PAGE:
Feel Like You Want to Quit Writing? Try This

I don’t know about you, but it’s easy to for me to get caught up in the old tidal wave of self-doubt. You know how it goes—I’m too old for this, I’ll never succeed at it, I’ll never publish (again), what am I thinking spending all my weekends writing when no one will read any of this crap, why can’t I just face reality and grow up like everybody else?

All that negative self-talk left me feeling like a fraud. But then I hit the play button for my first MasterClass with Amy Tan who comes along and says, “I didn’t start writing until I was 33.” And I felt relief. A professional writer openly admitted that she wasn’t born. She was made. This is what I’ve been waiting to hear.

Here’s what Ms. Tan taught me that might help you, too.

  1. Drop-kick that imposter syndrome, and replace it with a pat on the back for your healthy life-work balance. Maybe you’re raising kids. Maybe you have a full-time job (or two). Maybe you’re managing a disability that significantly impacts your life. And you know what? You’re in good company. The poet Wallace Stevens worked as an insurance company executive. William Faulkner worked at a post office for a couple years, then got fired and shoveled coal for a power plant. Zora Neale Hurston held jobs ranging from maid to drama teacher. Flannery O’Connor’s disability left her housebound for years. So if you have a life that doesn’t measure up to your idea of what artists should do, you actually fit right in. Artists need a good work-life balance, too. “I’m a very practical person,” Ms. Tan says, “so I knew I was never going to give up my job and consign myself to poverty as I learned to write.”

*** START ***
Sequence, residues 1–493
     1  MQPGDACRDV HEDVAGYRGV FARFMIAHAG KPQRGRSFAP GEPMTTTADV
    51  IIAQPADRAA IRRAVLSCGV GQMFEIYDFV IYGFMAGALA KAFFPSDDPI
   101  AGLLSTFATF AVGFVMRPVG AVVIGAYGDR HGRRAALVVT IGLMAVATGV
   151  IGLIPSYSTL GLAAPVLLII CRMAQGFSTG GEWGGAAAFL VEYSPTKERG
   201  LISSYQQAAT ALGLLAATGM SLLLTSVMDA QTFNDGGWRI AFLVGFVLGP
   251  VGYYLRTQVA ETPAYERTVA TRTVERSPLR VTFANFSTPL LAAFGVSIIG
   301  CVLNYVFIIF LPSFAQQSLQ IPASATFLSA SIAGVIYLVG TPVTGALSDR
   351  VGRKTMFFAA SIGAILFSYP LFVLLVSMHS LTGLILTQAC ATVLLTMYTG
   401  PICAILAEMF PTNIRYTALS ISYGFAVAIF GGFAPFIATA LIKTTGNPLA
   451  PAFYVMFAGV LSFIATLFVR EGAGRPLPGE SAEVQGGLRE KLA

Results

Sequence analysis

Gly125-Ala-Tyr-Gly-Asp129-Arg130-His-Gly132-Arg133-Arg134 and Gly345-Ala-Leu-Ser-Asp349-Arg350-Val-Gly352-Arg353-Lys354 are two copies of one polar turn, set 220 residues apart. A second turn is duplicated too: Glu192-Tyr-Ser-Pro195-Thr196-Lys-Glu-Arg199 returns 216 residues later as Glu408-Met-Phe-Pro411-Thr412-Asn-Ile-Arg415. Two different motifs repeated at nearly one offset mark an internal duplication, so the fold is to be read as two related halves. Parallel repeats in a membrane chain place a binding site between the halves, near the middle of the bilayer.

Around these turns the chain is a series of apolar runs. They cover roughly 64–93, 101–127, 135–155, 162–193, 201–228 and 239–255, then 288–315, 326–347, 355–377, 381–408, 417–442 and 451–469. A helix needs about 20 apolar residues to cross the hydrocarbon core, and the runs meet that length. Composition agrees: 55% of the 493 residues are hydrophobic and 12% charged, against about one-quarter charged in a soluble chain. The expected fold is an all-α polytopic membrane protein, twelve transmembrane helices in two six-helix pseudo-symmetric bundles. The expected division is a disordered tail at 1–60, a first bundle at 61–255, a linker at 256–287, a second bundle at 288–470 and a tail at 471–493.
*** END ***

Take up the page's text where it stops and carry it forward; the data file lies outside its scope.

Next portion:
2. If you don’t believe you’re a writer, all the external validation in the world won’t fix that. Is there an acceptance from a certain publication or MFA program that will make it feel real? Maybe you need to earn money off your writing before you take yourself seriously. Or maybe you’re waiting to make a certain amount. The danger is if we keep waiting on something else, that something might never come. Ms. Tan says, “If you’re serious, then you are a writer…If you keep at it and if you have a seriousness of purpose—which is to understand yourself, the world, human nature, relationships, and the conflicts that make us infinitely interesting—you will find the stories you want to tell.”
  3. Trust yourself. Look, maybe you’re right. Maybe it’s time for you to quit writing. What the hell do I know? All I know is that as writers we’ve got to listen to ourselves. Life is going to throw us curveballs. Housing, relationships, employment—all of it can change in a moment. So can our feelings about writing. The key, Ms. Tan says, is to know what’s true for you. If we can identify what we believe and what our central questions are, if we notice the way we think, then we already have found our writing voice. And, Ms. Tan says, “Your voice is going to determine the kinds of stories you want to tell.” And once you find those stories, you’re halfway home.

I think in a society that prioritizes a certain kind of success—one that is photogenic and materialistic—artists are stuck with self-doubt. It’s part of the job if we’re going against the grain. We’re not consuming; we’re creating. And what are we creating? We’re not even sure sometimes, but it’s nothing that has inherent market value. And in a world where the market is king, where does that leave us? Liable to feel unimportant and unproductive.

But maybe it’s time to redefine success. Sometimes that’s all you need. And Amy Tan shook me out of my slump. She came along and reminded me that hey, I’m doing this because I love it. My hunch is that you are, too. We’re doing this because it helps us understand ourselves and the world a little better, and we hope maybe our writing can give someone else that feeling, too. Maybe you’re using words to build a world where you belong or where you can be free or where you can love. And I’m going to tell you, friend. That’s not useless. Not at all.

Photo by Tina Nord


Featured Photo by Andrea Piacquadio


Published by M.C. Easton

Novelist and teacher.

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